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The Religion Of The Polar Marsei

Let us now travel to the extreme north, to the land where dwell the
Yakuts, the Marseillais of the Polar regions. Living a life of gay and
careless vagabondage in this snowy world, they took part in one of the
most characteristic episodes of the general religious upheaval.

At Guigiguinsk, a straggling village on the borders of the Arctic
Ocean, lived a Yakut tribe already converted to Christianity. Their
new faith had not in any way modified the happy-go-lucky nature of the
inhabitants of this frozen land; neither had it in any way clarified
their religious conceptions. "There are many gods," said they, "but
Nicholas is the chief"--and no matter how miserable their life, they
danced and sang, remembering no doubt how in their ancient home in the
far-off south, their ancestors also sang, filling the whole world with
their gaiety. Theirs was a fine climate and a fine country! The sun
often shone, the grass grew high, and the snow only lasted for six
months in the year. So everyone talked and danced and sang. There
were orators who held forth for whole days; there were dancers who
danced for weeks and weeks. From father to son these two ruling
passions have been handed down even to the Yakuts of the present day.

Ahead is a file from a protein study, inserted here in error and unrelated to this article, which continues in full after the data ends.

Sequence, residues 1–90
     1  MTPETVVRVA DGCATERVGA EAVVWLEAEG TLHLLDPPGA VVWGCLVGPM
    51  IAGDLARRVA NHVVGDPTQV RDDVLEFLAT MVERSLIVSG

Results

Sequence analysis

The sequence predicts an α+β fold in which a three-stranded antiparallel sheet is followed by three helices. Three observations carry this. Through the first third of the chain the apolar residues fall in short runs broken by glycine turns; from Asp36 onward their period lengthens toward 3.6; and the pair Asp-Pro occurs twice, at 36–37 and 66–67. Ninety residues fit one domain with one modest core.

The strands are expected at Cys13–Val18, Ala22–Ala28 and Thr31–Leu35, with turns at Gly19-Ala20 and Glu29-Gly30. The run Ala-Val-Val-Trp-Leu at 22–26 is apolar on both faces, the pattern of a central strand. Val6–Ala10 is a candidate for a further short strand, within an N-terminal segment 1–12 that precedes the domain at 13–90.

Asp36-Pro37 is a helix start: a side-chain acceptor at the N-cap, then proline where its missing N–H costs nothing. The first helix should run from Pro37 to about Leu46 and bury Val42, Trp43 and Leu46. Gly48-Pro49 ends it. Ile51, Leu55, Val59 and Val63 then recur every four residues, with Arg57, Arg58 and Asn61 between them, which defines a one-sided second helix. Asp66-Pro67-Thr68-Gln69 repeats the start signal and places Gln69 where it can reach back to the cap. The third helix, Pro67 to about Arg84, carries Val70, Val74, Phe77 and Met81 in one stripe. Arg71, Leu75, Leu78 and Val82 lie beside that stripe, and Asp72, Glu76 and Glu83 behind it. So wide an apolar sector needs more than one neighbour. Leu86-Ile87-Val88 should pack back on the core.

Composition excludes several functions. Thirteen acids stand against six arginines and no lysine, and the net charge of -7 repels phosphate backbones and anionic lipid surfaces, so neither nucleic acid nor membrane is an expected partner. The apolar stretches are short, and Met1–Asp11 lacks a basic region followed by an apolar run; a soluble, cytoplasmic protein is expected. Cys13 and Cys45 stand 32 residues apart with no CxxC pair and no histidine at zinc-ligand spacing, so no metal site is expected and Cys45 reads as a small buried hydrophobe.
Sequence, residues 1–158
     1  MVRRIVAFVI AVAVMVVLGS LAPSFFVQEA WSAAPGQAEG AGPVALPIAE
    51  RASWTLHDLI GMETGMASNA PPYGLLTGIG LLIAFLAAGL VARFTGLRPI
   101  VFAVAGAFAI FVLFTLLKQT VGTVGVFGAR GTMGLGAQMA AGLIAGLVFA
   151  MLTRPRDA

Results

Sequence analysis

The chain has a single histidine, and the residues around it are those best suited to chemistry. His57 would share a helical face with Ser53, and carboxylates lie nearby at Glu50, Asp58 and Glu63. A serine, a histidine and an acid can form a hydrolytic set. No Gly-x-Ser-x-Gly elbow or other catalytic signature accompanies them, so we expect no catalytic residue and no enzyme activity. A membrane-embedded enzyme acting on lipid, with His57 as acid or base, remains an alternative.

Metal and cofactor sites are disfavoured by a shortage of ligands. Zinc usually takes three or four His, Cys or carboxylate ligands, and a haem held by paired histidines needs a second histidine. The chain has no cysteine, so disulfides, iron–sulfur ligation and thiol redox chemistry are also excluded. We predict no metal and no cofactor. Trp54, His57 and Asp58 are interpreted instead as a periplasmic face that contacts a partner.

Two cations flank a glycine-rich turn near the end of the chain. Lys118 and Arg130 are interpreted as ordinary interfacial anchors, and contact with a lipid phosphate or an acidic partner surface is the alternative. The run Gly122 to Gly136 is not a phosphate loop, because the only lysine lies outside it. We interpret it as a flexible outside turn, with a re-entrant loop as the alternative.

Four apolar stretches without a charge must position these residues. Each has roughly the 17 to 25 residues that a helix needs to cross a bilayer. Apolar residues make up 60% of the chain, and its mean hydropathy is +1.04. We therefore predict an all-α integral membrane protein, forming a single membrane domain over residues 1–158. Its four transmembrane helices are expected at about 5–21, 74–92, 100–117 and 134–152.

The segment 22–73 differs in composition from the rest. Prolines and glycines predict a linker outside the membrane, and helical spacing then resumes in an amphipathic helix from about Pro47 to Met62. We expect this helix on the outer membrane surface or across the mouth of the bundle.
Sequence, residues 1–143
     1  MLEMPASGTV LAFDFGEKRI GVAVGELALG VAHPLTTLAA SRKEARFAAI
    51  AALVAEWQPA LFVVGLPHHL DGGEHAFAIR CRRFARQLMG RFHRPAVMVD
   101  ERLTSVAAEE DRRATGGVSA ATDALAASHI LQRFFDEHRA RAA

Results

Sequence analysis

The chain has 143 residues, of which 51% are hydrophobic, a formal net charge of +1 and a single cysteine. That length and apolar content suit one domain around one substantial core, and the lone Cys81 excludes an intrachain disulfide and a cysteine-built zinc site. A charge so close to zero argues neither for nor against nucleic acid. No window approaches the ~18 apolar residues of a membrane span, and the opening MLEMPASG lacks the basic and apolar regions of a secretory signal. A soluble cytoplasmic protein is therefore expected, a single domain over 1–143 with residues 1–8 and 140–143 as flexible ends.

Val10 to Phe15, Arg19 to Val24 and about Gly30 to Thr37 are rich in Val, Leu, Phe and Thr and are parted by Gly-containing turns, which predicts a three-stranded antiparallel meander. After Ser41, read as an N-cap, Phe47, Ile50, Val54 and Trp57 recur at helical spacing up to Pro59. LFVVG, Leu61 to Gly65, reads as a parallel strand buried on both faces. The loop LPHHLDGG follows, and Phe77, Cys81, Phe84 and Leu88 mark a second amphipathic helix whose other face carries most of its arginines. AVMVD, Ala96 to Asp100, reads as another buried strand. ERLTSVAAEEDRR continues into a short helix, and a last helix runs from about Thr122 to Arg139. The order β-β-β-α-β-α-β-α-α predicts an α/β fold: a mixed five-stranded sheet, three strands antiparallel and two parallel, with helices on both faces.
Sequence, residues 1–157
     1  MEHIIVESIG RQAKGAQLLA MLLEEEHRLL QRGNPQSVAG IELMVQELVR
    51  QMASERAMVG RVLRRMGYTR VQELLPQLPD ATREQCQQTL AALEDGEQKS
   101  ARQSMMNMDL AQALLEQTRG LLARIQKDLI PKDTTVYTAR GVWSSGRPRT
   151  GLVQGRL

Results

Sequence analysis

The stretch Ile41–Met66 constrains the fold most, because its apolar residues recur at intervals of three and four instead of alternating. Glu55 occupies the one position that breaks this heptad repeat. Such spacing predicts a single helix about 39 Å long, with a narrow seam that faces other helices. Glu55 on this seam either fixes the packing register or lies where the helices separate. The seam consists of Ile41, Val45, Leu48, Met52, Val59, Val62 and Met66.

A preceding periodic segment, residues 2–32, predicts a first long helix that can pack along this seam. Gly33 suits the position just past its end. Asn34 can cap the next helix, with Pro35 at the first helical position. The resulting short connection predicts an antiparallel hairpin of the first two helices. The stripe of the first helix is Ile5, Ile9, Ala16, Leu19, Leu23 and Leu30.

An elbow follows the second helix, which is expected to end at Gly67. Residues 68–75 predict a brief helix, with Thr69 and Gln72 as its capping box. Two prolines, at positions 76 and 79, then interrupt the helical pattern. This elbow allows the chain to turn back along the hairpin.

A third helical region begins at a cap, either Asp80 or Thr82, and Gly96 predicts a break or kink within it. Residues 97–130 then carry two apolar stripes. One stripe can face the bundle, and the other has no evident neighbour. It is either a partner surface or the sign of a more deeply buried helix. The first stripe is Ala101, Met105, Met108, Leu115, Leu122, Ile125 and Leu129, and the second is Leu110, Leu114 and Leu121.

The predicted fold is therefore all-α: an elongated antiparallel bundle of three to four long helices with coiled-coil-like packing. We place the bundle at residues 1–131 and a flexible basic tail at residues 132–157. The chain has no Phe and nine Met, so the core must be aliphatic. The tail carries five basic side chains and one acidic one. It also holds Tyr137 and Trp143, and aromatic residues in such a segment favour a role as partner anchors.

Now, as in former times--as when Artaman of Chamalga "so sang with his
whole soul that the trees shed their leaves and men lost their
reason"--the Yakuts sing, and their songs disturb the "spirits," who
crowd around the singer and make him unhappy. But he sings on,
nevertheless; though the whole order of nature be disturbed, still he

Now, as in former times, the Yakut believes in "the soul of things,"
and seeks for it everywhere. Every tree has a soul, every plant, every
object; even his hammer, his house, his knife, and his window. But
beyond these there is _Ai-toen_, the supreme, abstract soul of all
things, the incarnation of being, which is neither good nor bad, but
just _is_--and that suffices. Far from concerning himself with the
affairs of this world, Ai-toen looks down upon them from the seventh
heaven, and--leaves them alone. The country is full of "souls" and
"spirits," which appear constantly, and often incarnate in the shadows
of men. "Beware of him who has lost his shadow," say the Yakuts, for
such a one is thought to be dogged by misfortune, which is always ready
to fall upon him unawares. Even the children are forbidden to play
with their shadows.

Those who desire to see spirits must go to the _Shamans_, of whom there
are only four great ones, but plenty of others sufficiently powerful to
heal the sick, swallow red-hot coals, walk about with knives sticking
into their bodies--and above all to rejoice the whole of nature with
their eloquence. For the Yakuts consider that there is nothing more
sacred than human speech, nothing more admirable than an eloquent
discourse. When a Yakut speaks, no one interrupts him. They believe
that in the spoken word justice and happiness are to be found, and in
their intense sociability they dread isolation, desiring always to be
within reach of the sound of human voices. By the magic of words, an
orator can enslave whole villages for days, weeks and months, the
population crowding round him, neglecting all its usual occupations,
and listening to his long discourses with unwearied rapture.

Sirko Sierowszewski, who spent twelve years in the midst of these
people, studying them closely, affirms in his classic work on the
Yakuts (published in 1896 by the Geographical Society of St.
Petersburg) that their language belongs to a branch of the Turko-Tartar
group, and contains from ten to twelve thousand words. It holds, in